The Big Fish Blog

Book Review: “Newsjacking” by David Meerman Scott

    

Here at Big Fish Presentations, we’ve adopted a new philosophy.

We’ve researched various ways to be heard as a credible source in our specific field (presentations), and we have found a method that combines public relations with real-time outlets.  

In any presentation, if you make a statement that no one has heard before, you become the credible source.  By providing the first insight into an event or a concept, you have opened doors for your content.  People will mention your take on the issue, quote your words and even write entire articles about your original content.  

Great presentations are an effective way to release this content because your audience’s reception is crucial.  If your viewers like the way they are being presented with information, they will spread it.  This means success for your marketing campaign and/or the general perception of your company.

So, how do you get this chance to say something new, to be on the front lines of your particular field?  The answer can come from many places, one of which is newsjacking .  Although it’s mostly hidden in the media, newsjacking is super effective and can make the difference between getting noticed and being left in the dust. 

One of our clients,  David Meerman Scott ’s “ Newsjacking ” explores a unique concept: the art of stealing publicity. Scott has published many books, including “ The New Rules of Marketing & PR ,” “ Real-Time Marketing & PR ” and “ Marketing Lessons from the Grateful Dead .”

Scott examines the current public relations model and then revises it.  The result is a fresh approach to the art of being taken seriously in your industry.  You become a valuable resource once you have newsjacked, and people always return for more.  

At Big Fish Presentations, we believe presentations are a key component in newsjacking.  The timely release of a well-done presentation can improve a newsjack because it lends credibility to the speaker.  A confident speaker presenting a sleek design with relevant, valuable information allows for optimal newsjacking.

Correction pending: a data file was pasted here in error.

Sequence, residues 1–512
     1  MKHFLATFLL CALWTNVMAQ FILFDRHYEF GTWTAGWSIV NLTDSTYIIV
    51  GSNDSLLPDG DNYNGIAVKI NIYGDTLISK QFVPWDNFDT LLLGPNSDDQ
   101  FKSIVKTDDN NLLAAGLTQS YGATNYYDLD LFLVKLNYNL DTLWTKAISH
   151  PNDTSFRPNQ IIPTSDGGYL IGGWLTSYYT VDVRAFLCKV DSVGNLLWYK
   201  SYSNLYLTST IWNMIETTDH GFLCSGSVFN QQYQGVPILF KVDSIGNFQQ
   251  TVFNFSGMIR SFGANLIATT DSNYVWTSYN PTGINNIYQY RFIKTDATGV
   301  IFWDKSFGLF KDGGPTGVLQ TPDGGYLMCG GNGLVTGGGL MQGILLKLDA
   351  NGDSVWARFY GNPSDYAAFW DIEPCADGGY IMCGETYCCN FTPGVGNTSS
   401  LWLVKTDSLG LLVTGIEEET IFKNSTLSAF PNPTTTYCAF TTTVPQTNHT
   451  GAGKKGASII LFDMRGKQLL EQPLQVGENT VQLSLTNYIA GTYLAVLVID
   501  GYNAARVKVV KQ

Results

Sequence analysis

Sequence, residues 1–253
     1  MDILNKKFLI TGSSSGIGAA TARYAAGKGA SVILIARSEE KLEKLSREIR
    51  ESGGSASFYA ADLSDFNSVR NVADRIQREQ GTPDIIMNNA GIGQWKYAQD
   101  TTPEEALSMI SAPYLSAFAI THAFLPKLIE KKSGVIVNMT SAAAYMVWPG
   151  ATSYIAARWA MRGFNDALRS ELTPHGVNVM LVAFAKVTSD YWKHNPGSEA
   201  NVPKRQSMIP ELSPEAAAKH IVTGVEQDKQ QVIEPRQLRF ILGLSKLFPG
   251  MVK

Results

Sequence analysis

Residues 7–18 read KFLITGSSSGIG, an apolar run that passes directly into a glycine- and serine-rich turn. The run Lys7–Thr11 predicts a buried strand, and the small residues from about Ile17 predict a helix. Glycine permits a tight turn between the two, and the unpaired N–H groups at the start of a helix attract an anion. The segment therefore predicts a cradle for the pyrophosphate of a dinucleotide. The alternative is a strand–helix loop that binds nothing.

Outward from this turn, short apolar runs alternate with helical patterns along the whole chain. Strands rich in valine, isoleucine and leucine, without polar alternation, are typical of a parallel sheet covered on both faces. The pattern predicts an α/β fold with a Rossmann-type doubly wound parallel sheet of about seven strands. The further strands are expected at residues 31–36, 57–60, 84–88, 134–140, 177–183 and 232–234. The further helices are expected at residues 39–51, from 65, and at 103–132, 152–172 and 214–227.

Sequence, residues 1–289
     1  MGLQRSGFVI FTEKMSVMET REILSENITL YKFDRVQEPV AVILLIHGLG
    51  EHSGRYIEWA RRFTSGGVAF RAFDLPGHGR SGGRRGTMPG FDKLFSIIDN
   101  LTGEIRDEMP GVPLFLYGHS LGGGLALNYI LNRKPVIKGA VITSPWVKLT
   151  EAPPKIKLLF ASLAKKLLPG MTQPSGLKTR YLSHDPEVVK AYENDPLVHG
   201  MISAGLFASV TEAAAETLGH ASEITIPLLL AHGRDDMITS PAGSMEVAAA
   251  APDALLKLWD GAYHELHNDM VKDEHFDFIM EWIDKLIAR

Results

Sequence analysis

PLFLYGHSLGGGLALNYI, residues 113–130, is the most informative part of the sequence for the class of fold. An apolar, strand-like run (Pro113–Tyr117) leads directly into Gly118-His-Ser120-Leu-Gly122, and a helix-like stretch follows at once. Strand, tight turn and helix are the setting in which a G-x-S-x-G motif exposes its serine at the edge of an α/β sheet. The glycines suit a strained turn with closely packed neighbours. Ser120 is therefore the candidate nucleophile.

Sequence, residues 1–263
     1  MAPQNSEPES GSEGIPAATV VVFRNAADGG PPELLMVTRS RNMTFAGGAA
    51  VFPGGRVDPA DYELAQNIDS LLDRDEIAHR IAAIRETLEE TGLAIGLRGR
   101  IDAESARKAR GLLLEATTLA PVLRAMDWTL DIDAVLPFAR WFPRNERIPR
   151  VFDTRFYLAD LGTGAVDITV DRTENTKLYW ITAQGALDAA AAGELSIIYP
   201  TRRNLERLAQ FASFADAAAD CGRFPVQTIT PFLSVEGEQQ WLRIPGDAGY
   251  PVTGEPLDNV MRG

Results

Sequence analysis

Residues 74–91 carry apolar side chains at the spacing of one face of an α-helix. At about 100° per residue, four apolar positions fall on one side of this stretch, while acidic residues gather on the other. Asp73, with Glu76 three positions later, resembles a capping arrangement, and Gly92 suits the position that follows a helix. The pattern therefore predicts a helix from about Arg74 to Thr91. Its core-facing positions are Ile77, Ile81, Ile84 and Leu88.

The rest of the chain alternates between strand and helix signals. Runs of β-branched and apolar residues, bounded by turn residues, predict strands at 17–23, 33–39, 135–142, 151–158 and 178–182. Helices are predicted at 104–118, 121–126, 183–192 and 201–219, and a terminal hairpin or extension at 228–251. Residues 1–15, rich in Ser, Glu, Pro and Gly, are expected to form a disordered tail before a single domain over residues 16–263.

Scott has written the manual on newsjacking.  At only 76 pages, this text is short and sweet, but packed with interesting and very useful information.  The case studies provide an easy way of translating Scott’s concepts into “real-life” scenarios.  From Rick Perry to Paris Hilton to Larry Flynt, Scott breaks down how each newsjack went down and the results that followed.

So, how do you “newsjack” something or someone?  

Well, I can’t reveal too much because you’ve got to read it for yourself, but the basic premise involves being on the brink of breaking news and sharing it with journalists.  When the press scrambles for the details and your information pops up, they now see you as a credible source.  This brings traffic to your blog, website, etc. 

However, the key element in newsjacking is timeliness.

Scott writes, “Newsjacking is powerful, but only when executed in real time.”  The quick actions require prior knowledge and planned tactics.  You’ve got to have an angle at the ready.  

Hone your skills before attempting the feat.  The name of the game is speed, but if you aren’t prepared beforehand, your newsjack could misfire. 

This book is essential for any and all marketers and PR practitioners, but it is valuable for anyone.  As Scott says, “literally anyone can newsjack.”  

We intend to newsjack.  Our expertise needs to be heard, and newsjacking via presentations provides an avenue for the exposure and education of our niche.  In the future, we think it’s appropriate to post not only presentation-related information, but also market strategies and techniques; these topics are relevant to our industry the same way that newsjacking is.

Go pick up a copy.  It’ll be worth your time.

Happy newsjacking!

Sources:

“Newsjacking” by David Meerman Scott

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